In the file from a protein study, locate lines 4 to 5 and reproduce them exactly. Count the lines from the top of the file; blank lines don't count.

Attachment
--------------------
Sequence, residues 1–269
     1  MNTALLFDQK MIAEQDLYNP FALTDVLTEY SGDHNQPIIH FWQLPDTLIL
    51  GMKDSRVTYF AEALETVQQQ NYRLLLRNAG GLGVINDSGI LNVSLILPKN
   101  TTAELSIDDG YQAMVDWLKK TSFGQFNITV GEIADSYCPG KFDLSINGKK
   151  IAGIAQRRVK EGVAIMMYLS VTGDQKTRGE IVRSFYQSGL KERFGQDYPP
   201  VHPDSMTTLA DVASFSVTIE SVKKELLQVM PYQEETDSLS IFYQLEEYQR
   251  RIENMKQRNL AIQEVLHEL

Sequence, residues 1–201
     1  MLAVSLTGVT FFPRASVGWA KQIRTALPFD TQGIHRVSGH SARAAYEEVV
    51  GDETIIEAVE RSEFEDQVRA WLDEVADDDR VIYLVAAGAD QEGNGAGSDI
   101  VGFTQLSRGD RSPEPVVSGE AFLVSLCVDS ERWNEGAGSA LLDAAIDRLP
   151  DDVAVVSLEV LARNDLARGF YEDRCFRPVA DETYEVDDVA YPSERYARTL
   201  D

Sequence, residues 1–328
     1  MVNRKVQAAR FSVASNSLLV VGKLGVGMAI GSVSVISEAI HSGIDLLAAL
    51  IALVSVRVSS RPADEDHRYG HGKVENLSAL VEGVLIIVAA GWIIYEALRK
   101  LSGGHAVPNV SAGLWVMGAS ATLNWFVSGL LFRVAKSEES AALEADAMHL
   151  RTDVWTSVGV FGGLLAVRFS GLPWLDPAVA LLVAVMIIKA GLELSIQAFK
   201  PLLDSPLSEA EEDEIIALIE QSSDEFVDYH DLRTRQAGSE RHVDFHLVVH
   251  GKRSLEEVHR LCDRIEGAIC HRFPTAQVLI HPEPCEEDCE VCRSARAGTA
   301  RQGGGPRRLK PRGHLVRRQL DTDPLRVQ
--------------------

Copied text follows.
   101  TTAELSIDDG YQAMVDWLKK TSFGQFNITV GEIADSYCPG KFDLSINGKK
   151  IAGIAQRRVK EGVAIMMYLS VTGDQKTRGE IVRSFYQSGL KERFGQDYPP